Up until a few years ago it would have been unthinkable that a Chinese orchestra would perform a western and religious piece in an international venue. The Pope attended the concert and gave a short but meaningful speech on art as a vessel of dialogue between peoples and cultures, recalling with affection all Chinese Catholics.
The entire concert was broadcast live from the Centro Televisivo Vaticano, Vatican Radio and repeated on Phoenix TV, the most watched independent Chinese television station both locally and abroad. Following Government directions- the station also reserved a three-hour time slot for Vatican specials.
We at the Vatican have enjoyed exceptional collaboration with the Chinese organization; everyone appeared enthusiastic about this initiative and very much aware of its historical significance. Since I was able to send a Chinese translation of the Holy Father’s speech ahead of time, the Pope was able, for the first time, to speak directly to a huge number of Chinese.
Unfortunately, the great tragedy of the earthquake in Sichuan occurred in the following days. The Pope publicly manifested his sympathy and sorrow, and the Chinese ambassador to Rome shared with me that the Pope’s words had a wide impact throughout the nation. The Pope is no longer a stranger to the Chinese people, but a great personality surrounded by attention and respect.
Furthermore, gradual steps in the normalization of the relationship between the Holy See and Vietnam are currently taking place and being followed by China with great interest. Anticipation surrounding the events of the Olympic Games encourages the opening of China to the rest of the world. Being aware of the fact that such openings have often been followed by regress and disappointment, it cannot be denied that this moment in time marks a concrete sign of hope.
In the vast and diverse range of relationships of the Holy See and the universal Church with other Christian denominations, other religious faiths, nations and cultures, social dialogue carries an important role. It is with deep emotion that today I can speak of having played a role in the first two appearances of Pope Benedict XVI on both Russian and Chinese television networks.
In all these things, the media institutions of the Holy See play an important role, but collaboration within the universal Church is essential in the spread of information and ideas. No one in the Church community exists and operates alone.
Your friendship and your encouragement are essential to the effectiveness of our service.
Thank you and may God bless you all!
Federico Lombardi, S.J.
Introduction by Fr. Thomas Rosica, C.S.B.
of Fr. Federico Lombardi, S.J.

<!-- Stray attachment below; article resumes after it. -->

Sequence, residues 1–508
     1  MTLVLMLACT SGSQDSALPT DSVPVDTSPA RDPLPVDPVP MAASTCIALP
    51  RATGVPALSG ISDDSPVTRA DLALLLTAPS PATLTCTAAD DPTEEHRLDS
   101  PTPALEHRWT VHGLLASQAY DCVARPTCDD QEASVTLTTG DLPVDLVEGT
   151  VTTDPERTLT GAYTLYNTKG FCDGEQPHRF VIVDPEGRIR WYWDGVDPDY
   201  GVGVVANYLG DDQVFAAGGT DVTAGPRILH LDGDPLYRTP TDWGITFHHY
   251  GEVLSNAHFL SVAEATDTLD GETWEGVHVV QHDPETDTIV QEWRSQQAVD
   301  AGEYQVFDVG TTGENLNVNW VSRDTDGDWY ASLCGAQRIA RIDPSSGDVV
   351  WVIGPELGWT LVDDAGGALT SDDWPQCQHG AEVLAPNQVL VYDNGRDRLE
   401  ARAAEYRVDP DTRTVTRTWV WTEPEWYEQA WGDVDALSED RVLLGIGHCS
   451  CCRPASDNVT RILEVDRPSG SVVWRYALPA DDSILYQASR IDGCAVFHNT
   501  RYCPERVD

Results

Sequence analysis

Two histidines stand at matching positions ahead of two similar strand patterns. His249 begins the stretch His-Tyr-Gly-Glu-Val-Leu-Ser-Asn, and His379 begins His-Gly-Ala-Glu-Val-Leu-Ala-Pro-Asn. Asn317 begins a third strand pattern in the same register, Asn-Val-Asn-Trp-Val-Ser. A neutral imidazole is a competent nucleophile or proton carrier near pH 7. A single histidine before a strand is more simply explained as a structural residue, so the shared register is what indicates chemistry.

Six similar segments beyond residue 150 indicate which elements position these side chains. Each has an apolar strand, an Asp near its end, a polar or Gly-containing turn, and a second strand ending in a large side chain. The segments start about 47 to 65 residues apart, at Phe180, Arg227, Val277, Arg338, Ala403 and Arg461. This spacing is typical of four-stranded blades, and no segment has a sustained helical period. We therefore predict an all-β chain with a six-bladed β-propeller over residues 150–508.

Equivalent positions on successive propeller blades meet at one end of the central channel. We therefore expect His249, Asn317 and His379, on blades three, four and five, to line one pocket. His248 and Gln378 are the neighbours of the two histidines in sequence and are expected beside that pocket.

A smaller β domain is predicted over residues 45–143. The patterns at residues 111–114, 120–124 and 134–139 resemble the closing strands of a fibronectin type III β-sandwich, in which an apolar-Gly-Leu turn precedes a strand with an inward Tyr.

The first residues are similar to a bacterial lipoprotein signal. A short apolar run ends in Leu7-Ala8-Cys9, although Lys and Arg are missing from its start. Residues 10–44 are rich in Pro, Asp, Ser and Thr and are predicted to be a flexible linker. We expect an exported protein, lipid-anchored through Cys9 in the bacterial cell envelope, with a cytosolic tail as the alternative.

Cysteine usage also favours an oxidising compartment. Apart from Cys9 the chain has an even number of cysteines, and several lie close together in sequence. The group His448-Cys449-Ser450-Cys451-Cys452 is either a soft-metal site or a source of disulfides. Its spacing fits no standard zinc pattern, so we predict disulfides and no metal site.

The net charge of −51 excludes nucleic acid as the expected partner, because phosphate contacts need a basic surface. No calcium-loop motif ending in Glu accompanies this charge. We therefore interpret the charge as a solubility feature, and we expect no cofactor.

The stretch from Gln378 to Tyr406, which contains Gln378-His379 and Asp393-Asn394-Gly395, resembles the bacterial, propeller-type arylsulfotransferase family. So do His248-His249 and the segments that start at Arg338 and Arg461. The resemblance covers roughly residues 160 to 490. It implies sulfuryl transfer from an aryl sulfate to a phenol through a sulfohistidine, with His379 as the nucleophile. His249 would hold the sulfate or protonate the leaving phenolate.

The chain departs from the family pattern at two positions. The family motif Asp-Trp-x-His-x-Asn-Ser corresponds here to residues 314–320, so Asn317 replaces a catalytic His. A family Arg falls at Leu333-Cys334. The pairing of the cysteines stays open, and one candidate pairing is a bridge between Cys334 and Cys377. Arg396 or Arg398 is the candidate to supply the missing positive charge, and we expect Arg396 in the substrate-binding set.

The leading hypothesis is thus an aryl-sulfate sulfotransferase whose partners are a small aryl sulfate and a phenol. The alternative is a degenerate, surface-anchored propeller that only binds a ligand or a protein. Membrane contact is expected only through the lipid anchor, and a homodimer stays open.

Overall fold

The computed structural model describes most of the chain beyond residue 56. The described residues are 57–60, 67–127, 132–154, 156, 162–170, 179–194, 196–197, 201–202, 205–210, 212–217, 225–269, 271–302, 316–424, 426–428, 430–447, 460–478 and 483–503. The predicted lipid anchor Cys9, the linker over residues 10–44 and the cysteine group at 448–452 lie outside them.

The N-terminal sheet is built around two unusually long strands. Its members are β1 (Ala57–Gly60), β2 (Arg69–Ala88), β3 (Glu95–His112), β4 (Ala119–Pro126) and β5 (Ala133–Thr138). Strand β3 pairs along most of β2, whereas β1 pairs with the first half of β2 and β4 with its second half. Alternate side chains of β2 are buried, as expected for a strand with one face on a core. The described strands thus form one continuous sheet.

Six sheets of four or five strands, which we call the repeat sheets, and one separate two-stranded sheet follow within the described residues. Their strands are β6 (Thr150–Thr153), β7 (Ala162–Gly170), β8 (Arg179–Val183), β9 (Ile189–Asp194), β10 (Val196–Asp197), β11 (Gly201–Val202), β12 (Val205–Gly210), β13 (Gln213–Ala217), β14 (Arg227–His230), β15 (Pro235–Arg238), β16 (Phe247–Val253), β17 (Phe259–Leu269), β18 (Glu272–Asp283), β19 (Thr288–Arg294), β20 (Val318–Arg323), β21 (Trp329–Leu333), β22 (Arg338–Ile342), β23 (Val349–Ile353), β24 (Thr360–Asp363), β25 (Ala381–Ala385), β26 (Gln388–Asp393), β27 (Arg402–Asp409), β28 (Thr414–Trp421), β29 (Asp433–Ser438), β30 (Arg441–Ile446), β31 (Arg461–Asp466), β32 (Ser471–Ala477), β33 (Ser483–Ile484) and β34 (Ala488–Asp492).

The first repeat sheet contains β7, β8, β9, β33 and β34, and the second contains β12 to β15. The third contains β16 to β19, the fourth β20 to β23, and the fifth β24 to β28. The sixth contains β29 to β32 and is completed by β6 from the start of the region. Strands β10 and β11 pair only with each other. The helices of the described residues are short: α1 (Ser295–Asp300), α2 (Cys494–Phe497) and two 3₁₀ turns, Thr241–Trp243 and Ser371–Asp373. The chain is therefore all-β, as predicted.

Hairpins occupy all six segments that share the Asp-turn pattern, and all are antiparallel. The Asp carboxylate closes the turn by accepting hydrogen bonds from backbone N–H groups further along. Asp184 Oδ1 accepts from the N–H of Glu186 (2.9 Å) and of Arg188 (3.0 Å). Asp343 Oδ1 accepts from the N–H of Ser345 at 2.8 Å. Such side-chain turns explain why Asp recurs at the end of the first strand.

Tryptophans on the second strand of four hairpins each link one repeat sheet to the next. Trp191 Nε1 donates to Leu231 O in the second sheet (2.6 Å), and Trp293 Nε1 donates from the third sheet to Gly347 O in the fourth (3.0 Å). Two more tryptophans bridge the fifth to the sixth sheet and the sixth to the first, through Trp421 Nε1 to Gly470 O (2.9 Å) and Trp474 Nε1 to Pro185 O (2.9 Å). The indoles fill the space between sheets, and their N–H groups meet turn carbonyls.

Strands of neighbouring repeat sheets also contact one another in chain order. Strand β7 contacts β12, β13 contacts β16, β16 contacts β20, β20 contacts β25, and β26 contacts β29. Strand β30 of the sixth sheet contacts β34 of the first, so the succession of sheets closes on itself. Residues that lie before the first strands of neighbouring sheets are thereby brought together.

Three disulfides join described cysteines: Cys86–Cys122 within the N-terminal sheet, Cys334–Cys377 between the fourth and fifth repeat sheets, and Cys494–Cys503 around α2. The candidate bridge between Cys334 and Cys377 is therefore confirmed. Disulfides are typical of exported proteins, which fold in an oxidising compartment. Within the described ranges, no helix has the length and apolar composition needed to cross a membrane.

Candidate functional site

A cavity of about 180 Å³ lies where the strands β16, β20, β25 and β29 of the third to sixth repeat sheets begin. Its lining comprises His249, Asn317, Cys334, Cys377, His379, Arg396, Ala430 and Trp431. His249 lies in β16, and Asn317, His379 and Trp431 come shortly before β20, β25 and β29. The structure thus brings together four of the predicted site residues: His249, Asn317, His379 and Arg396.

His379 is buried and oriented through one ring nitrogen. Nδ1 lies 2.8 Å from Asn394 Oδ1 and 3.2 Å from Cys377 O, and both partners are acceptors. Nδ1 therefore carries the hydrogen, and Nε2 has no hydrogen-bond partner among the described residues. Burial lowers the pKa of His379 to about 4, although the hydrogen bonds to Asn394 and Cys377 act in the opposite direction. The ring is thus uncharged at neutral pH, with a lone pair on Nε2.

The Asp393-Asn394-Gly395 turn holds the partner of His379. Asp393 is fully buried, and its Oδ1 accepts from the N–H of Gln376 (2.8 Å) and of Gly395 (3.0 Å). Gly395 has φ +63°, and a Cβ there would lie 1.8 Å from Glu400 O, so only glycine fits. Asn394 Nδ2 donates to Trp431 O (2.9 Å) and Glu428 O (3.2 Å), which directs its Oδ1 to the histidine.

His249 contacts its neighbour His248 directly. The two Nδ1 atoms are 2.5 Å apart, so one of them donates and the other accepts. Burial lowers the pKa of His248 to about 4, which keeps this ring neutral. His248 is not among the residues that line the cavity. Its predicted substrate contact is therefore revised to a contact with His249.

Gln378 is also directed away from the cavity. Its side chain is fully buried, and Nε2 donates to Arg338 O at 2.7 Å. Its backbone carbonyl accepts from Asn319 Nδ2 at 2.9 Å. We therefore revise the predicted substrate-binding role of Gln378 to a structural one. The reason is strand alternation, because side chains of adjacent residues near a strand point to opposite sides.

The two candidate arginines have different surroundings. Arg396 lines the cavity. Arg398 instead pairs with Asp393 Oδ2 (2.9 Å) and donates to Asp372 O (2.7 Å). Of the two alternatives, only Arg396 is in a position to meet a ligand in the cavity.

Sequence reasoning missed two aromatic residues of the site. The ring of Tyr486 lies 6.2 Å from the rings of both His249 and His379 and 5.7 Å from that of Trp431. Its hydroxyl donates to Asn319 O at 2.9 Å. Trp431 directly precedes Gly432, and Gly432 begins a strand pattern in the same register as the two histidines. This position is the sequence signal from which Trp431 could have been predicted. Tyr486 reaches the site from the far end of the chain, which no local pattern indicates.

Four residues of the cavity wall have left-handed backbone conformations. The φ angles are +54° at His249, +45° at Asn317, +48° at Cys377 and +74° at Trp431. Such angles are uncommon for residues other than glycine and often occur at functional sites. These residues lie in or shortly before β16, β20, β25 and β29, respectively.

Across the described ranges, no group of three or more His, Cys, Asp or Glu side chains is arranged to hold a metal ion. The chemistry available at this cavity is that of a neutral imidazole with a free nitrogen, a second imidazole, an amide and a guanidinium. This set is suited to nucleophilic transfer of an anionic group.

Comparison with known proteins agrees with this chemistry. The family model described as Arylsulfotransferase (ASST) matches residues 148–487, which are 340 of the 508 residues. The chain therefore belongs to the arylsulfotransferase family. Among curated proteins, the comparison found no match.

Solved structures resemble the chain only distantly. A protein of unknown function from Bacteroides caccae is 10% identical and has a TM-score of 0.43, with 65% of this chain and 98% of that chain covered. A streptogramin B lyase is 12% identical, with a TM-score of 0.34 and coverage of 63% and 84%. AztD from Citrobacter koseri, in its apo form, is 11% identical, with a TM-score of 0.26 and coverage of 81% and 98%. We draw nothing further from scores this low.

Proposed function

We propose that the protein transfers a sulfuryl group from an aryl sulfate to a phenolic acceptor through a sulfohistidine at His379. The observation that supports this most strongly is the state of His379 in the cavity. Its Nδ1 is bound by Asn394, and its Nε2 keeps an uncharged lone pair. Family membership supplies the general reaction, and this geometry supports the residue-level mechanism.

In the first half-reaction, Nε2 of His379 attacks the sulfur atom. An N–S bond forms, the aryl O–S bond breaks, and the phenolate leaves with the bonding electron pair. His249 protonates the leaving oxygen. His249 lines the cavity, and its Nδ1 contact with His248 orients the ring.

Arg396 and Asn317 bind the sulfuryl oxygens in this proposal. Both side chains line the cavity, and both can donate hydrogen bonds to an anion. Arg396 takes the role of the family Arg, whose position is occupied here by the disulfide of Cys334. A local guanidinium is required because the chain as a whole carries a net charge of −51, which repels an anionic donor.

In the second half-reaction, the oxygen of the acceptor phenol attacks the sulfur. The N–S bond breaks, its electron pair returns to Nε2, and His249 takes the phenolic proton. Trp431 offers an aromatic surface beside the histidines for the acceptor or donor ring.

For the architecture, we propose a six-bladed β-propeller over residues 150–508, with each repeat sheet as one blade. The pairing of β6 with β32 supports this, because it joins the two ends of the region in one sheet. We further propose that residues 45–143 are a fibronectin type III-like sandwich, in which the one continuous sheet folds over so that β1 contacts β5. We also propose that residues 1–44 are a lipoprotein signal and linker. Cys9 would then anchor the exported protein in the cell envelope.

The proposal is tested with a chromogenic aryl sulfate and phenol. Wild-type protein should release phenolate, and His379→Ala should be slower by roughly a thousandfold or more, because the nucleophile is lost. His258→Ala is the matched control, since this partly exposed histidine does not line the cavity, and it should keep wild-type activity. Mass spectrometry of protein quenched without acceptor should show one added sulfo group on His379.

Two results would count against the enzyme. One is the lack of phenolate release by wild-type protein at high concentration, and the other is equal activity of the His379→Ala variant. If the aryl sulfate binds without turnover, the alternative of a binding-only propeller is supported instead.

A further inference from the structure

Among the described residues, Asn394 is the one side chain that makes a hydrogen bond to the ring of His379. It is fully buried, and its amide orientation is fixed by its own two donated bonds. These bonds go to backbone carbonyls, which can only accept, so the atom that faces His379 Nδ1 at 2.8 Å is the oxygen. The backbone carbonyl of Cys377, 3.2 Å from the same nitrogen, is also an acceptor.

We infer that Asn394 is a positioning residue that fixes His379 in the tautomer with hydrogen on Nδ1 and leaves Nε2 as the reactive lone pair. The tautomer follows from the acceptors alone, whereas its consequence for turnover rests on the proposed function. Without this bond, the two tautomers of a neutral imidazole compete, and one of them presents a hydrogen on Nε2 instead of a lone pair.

Catholic Business Leaders’ Breakfast
May 30, 2008
Dear Friends,
If you have ever taken part in a Vatican ceremony, one of the striking aspects is the various hats and garments worn by the key players in such events. Outsiders peering into such ceremonies frequently comment on the external elements as garments, robes, vestments, colors, rank, dignity and yes, they are often intigued by the different hats seen at Church events and ceremonies!
Three years ago during the widely televised ceremonies surrounding the death of Pope John Paul II and the election of Pope Benedict XVI, I heard it said very often in the corridors and newsrooms of the major networks of this country: “Those Catholics are really into hats.”
Today we have the opportunity to reflect not on the external realities or the color of one particular head covering, nor the theological, ecclesiological or historical significance of a particulat hat, but on a man of the church who wears many hats of service at the same time - Father Federico Lombardi of the Society of Jesus.
He has taught us how to wear the many hats of ecclesial service with humility, joy, dignity and humour. And today, on top of the many hats he already wears in the Church -- at Vatican Television, Vatican Radio, the Holy See Press Office, the Jesuit Curia, another was added this past Tuesday: that of Doctor, Honoris Causa of Regis College, the Jesuit Theological Faculty in the Univeristy of Toronto.
Fr. Lombardi has worked in the world of Catholic journalism and communications for over 30 years. I have had the privelege and pleasure, since 1999, to work with this great man on various Vatican events and projects, including our little Canadian event of 2002 and the greatest event in television history in 2005. I have learned much from him and his gentle, quiet ways, his love for the church and his ability to multi-task with such serenity.
Please welcome Jesuit Father Federico Lombardi.